Saturday, February 11, 2017

Paul as Pastor

Last week, I was at the Evangelical Covenant Church's Midwinter 2017 Conference. With fear and trembling, I was asked to teach on the topic of leadership in the New Testament, and I ended up preparing a message entitled: "Paul as Pastor." It became a tougher topic to address than I thought because Paul does not really use the word “leader” in any of his letters. 
    The words for “leader” in Greek are ἄρχων (archōn) and ἡγούμενος (hēgoumenos), translated “rulers” and “leaders” in your Bibles, and refer to secular leadership but not church leaders, with the exception of Hebrews (13:7, 17, 24). Instead of the word “leader,” what Paul does is discuss various leadership roles or pastoral activities using other terms like: 

I’ve arranged these 12 terms for pastoral leadership into 4 semantic domains or umbrella categories. 

1) The Preacher
  minister / servant (Greek δικονος or diakonos)
  preacher (Greek κηρσσων or kēryssōn)
  evangelist (Greek εαγγελιστς or euangelistēs)
  teacher (Greek διδασκλος or didaskalos):
2) The Pastor
  overseer (Greek πσκοπος or episkopos)
  elder (Greek πρεσβτερος or presbyteros)
  mentor/imitation (Greek μιμητς or mimētēs) and spiritual father/mother (Greek πατρ or patēr; μητρ or mētēr)
  shepherd /pastor (Greek ποιμν or poimēn) where through the Vulgate/patristic writers we get the Latin word pastor
  slave/servant of God and the church (Greek δολος or doulos)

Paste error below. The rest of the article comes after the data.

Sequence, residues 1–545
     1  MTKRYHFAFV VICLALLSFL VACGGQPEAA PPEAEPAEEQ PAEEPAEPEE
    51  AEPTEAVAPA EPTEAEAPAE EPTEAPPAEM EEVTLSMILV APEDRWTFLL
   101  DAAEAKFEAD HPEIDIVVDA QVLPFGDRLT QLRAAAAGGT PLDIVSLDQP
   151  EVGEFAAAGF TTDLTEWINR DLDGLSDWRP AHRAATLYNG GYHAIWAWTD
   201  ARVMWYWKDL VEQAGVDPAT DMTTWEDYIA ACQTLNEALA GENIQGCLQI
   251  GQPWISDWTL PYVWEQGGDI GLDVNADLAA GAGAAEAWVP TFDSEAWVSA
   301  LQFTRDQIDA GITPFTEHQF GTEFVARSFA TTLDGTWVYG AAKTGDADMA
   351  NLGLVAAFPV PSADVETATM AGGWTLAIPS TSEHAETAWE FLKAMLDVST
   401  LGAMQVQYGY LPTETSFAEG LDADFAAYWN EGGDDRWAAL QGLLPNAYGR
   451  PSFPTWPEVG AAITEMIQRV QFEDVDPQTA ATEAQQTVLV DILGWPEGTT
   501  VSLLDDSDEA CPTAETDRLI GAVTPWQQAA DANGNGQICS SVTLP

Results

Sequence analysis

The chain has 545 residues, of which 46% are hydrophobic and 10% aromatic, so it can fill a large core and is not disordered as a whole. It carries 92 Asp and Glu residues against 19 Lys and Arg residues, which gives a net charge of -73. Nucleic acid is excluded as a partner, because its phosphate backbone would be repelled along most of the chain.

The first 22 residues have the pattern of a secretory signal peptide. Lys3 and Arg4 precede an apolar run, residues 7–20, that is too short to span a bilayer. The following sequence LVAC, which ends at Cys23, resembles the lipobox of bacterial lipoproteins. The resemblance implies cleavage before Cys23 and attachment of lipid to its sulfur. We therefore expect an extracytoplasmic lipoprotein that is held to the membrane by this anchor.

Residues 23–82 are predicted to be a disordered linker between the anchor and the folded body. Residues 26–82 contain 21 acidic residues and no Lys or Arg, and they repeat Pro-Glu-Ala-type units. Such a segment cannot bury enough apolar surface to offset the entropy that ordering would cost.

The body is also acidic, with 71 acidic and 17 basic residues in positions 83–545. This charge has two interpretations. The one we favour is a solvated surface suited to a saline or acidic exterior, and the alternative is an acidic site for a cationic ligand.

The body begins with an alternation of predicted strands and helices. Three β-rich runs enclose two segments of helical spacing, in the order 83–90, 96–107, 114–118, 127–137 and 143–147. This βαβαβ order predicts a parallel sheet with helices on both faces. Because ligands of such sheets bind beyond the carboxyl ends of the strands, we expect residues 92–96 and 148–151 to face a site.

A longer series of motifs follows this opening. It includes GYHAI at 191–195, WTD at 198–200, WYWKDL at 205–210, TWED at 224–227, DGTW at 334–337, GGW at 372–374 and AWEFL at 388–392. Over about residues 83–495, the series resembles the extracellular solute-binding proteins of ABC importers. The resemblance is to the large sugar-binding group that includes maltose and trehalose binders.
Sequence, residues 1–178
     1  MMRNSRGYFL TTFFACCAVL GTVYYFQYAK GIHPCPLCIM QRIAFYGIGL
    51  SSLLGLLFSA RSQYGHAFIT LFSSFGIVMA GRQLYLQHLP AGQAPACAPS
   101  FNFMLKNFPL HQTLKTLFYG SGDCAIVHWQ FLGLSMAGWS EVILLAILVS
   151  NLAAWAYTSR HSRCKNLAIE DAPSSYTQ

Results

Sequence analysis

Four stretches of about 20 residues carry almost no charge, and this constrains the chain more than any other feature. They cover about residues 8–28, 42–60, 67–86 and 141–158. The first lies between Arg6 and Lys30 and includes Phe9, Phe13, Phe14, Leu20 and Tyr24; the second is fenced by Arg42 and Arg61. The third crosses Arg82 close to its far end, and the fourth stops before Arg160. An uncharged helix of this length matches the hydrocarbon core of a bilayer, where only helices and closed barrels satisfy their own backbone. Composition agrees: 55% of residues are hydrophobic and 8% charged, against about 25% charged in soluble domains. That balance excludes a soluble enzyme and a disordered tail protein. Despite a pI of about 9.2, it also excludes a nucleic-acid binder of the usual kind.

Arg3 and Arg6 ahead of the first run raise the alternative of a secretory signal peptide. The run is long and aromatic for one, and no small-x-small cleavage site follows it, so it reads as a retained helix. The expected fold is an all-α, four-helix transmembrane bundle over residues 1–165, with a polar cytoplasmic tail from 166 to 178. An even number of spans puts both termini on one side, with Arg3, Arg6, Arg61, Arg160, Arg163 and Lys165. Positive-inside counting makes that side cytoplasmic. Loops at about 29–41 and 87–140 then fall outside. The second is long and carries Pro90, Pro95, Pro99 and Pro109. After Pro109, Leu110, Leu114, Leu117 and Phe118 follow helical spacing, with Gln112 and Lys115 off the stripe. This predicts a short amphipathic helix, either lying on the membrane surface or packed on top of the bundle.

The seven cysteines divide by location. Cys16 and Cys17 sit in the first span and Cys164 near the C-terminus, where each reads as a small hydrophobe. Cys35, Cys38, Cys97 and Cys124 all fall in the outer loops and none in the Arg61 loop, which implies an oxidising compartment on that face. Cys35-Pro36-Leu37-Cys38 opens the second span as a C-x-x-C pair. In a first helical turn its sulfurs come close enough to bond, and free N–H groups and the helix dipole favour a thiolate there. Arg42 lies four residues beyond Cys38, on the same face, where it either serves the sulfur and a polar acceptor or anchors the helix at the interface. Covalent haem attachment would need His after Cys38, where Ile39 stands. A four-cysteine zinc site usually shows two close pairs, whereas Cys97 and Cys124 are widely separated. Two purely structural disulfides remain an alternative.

3) The Prophet
  prophet (Greek προφτης or prophētēs)
x apostle? (Greek πστολος or apostolos): But apostleship was a unique office to the 1st century church alone.
4) The Priest
  priest or priestly minister/servant (Greek λειτουργς or leitourgos)
  administrator (Greek οκονμος or oikonomos) of the mysteries/sacraments (Greek word μυστριον or mystērion). μυστριον is translated sacramentum in Latin

    But let’s call the semantic domains something like the 4 ministerial roles, offices, even ministerial “functions” or responsibilities of the Christian leader. I call them the 4P’s of church leadership. Leaders 1) preach, 2) they pastor or shepherd or care for the flock, 3) they prophetically challenge the church and discern what God is doing in our midst,  and 4) they do their priestly duties, administering the sacraments, standing in the gap between God and suffering, but much more. So 4P’s: preacher, pastor, prophet, and priest, but it is arguably the role of the pastor or shepherd which functions as the core and unites all the other roles and responsibilities of leadership.
    I'm thankful that so many pastors, Christian leaders, former students, colleagues and friends at Midwinter appreciated the morning session I taught. Paul sometimes gets a bad wrap among scholars as too authoritarian. But this is really a modern pet-peeve. The solution to bad authority in the secular world is not no-authority in the church but the right use of authority that edifies and redeems. In fact, the more I study Paul, the more I am convicted that he was a premier pastor of the church whose teachings and practices can inform and form our present-day ministerium to become faithful servants of Christ and His body. 
    I am thinking that eventually this session can evolve into a small book on Paul as Pastor. We shall see. I have to finish my other book projects first. In the meanwhile, one of the most helpful resources on a pastoral theology remains the one written by the late Thomas Oden. His Pastoral Theology (1983) is a classic and still the best on the topic: 

Still the best work on a pastoral theology
available for the scholars, pastors and leaders
RIP Thomas Oden
Postscript: It pains me to blog so little (probably 1X a month) but until the ATS Accreditation report for North Park is complete, I'm swamped with work. The seminary needs its 10 yr accreditation so we can't fumble the ball on this one. Likely I can blog much more regularly again when we reach the summer and end of the academic year. MJL